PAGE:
Andrew Johnson was born on December 29, 1808, in Raleigh, NC, to Jacob and Mary Johnson.  Following the death of his father, he would move with his mother and stepfather to Greeneville, TN, in 1826. Entering into an apprenticeship, as a tailor, he would open eventually open his ownsuccessful shop. The year after moving to Greeneville, he would meet and marry his wife, Eliza McCardle, with whom he would have five children. He would first be elected to the State Legislature and then the State Senate and finally as a congressman in the U.S. House of Representatives.  He would serve in the House of Representatives for ten years before being elected as the Governor of Tennessee, a post which he would hold for two consecutive terms. Following his terms as Governor he would next be elected to the U.S. Senate and would serve there until Tennessee seceded from the Union on June 8, 1861.  A strong proponent of the Constitution of the United States, Johnson viewed secession as unconstitutional and would be the only Senator from a seceding state to continue serving during the Civil War. In 1862, Lincoln would call upon Johnson to serve as the Military Governor of the State of Tennessee for the duration of the War.  In the election of 1864, Lincoln would again call upon Johnson to be his running mate.  A little over a month after his inauguration as Vice President, Johnson would be thrust into the role of President following the assassination of Lincoln. As President, Johnson would offer amnesty for the rebelling southern states and much of the confederate government.  He would also become one of only two Presidents to be impeached and was only one vote shy of being convicted.  Following his term as President, Johnson would run for and eventually be reelected to the U.S. Senate, the only former President to do so.  He would die on July 31, 1875, in Elzabethton, TN.  According to his wishes he was buried in Greeneville, TN,   his body being wrapped in an American flag and his head laid upon a copy of the Constitution.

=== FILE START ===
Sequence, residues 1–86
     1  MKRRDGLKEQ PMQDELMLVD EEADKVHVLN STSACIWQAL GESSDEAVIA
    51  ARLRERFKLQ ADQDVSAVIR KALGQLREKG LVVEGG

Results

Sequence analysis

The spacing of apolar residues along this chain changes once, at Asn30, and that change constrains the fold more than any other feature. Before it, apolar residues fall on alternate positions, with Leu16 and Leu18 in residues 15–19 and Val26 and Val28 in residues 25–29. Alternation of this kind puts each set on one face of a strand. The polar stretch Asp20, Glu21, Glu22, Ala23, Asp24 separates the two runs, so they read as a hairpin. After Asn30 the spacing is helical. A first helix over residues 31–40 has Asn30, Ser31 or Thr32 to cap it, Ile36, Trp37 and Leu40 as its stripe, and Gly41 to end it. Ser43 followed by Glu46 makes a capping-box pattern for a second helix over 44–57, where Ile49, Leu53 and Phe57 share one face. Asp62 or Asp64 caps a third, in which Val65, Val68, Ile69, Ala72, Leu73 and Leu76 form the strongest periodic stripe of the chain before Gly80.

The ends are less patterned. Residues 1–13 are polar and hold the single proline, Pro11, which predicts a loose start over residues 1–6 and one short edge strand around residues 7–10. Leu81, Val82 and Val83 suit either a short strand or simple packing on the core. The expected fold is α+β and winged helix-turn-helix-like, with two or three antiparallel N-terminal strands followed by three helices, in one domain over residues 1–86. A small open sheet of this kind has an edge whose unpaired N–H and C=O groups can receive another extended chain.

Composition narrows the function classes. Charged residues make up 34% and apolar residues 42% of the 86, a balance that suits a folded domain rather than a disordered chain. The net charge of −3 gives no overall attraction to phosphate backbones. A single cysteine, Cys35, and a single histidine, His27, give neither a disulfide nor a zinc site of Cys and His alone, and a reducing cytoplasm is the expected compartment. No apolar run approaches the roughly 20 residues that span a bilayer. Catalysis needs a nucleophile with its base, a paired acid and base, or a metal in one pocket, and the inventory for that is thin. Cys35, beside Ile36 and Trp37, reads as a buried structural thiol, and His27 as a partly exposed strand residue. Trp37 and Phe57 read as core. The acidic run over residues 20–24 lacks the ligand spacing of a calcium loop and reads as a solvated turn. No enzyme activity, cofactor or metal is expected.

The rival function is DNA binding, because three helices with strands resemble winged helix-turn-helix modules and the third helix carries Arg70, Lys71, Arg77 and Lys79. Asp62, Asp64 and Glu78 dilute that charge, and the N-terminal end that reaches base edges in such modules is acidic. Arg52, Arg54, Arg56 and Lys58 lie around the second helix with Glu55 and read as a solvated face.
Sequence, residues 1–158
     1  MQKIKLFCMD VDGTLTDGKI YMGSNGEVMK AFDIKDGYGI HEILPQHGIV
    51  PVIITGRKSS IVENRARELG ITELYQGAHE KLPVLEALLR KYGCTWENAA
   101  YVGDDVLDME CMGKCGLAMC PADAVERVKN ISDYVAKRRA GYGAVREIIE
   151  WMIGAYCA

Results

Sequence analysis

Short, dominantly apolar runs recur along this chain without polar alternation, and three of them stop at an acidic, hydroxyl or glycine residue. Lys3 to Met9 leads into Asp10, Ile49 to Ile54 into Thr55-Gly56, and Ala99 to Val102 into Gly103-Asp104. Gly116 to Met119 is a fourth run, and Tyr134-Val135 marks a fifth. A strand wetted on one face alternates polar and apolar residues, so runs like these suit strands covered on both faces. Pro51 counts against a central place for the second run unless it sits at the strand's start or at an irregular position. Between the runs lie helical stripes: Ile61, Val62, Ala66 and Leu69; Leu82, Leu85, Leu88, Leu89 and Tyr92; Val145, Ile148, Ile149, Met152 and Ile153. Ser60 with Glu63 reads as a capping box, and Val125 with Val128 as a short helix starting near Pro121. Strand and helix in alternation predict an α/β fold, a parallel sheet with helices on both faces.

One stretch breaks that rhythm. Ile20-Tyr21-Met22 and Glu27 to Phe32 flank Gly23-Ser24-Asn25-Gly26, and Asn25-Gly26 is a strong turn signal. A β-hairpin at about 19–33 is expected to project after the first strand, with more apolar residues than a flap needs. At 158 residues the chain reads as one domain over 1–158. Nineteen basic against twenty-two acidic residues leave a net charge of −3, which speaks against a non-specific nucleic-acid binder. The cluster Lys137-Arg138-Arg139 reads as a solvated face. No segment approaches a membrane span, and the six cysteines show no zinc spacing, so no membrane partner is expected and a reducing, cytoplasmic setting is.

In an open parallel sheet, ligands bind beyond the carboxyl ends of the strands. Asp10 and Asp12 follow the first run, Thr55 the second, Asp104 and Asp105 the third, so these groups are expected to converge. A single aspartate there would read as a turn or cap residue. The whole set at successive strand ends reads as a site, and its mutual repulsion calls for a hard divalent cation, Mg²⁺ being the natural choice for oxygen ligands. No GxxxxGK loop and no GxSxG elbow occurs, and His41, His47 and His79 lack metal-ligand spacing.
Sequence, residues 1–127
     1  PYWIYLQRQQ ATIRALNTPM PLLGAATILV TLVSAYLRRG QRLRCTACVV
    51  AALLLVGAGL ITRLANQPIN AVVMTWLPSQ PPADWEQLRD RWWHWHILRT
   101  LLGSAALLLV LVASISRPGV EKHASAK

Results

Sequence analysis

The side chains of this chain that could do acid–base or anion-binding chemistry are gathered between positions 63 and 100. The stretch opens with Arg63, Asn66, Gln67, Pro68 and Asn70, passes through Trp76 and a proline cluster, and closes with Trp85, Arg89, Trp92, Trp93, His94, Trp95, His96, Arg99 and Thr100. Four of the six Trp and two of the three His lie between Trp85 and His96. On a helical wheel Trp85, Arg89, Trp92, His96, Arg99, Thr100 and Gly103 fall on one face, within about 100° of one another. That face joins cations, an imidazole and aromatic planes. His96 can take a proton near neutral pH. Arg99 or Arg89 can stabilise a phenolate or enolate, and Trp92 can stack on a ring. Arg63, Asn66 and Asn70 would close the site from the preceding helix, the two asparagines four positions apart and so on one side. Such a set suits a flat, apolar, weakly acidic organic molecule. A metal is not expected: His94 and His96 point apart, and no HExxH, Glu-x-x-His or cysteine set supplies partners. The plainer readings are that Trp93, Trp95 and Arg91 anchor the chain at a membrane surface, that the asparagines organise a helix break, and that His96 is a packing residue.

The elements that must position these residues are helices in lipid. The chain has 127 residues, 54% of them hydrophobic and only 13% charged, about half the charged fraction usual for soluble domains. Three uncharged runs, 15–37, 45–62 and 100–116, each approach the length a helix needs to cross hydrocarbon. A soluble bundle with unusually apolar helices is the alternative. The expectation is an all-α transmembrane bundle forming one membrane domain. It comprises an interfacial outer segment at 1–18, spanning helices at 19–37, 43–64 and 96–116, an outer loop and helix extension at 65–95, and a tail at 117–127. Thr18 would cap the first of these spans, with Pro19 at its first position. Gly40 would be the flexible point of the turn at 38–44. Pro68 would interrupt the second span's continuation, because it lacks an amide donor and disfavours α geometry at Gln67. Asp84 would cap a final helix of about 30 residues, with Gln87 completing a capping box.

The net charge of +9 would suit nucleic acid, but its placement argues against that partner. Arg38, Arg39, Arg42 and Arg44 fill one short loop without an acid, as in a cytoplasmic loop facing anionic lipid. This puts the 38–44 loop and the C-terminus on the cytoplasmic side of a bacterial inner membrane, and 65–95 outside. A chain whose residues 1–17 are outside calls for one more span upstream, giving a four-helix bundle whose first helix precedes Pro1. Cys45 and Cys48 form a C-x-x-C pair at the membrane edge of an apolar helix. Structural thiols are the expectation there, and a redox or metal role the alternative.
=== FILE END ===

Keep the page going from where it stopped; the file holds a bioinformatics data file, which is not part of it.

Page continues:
Wednesday, November 23, 2011

1000 words: Visiting Austin Peay & Willie Blount

Confederate Memorial, Greenwood Cemetery, Clarksville, TN
Paying respects to Willie Blount

Blackhorse Pub & Brewery, Clarksville, TN
My Great Great Grandparents Grave, Red River Cemetery, Adams, TN
Effrin & Major, Bellwood Cemetery, Adams, TN
 Name: Willie Blount
Birth: 18 April 1768
Death: 10 September 1835
Age at Death: 67 years, 4 months, 23 days
Interment: Greenwood Cemetery, Clarksville, TN
Term in Office: September 20, 1809 – September 27, 1815
Political Party: Democratic Republican

Willie Blount was born on April 18, 1768, in North Carolina to Jacob and Hannah Baker Blount, making him the half-brother to former Tennessee Governor William Blount.  Willie would go on to study at both Columbia and Princeton and be admitted to the bar in North Carolina. In 1796, after Tennessee was admitted as a state, Willie would serve as one of the states first judges. At this time he would also serve as a cabinet member for his half-brother. In 1809, he was elected governor and would serve three successive terms. During his term he would offer the state’s support in the War of 1812 as well as send troops into neighboring Mississippi to help defend against attacks by Native Americans. Following his terms as governor, Willie would remain active in politics and attend the Tennessee State Constitutional Convention of 1834, as a representative from Montgomery County, TN.  He would die on September 10, 1835 in Clarksville, TN. 


 Name: Austin Peay
Birth: 1 June 1876
Death: 2 October 1927
Age at Death: 54 years, 4 months, 1 day
Interment: Greenwood Cemetery, Clarksville, TN
Term in Office: January 16, 1923 – October 3, 1927
Political Party: Democratic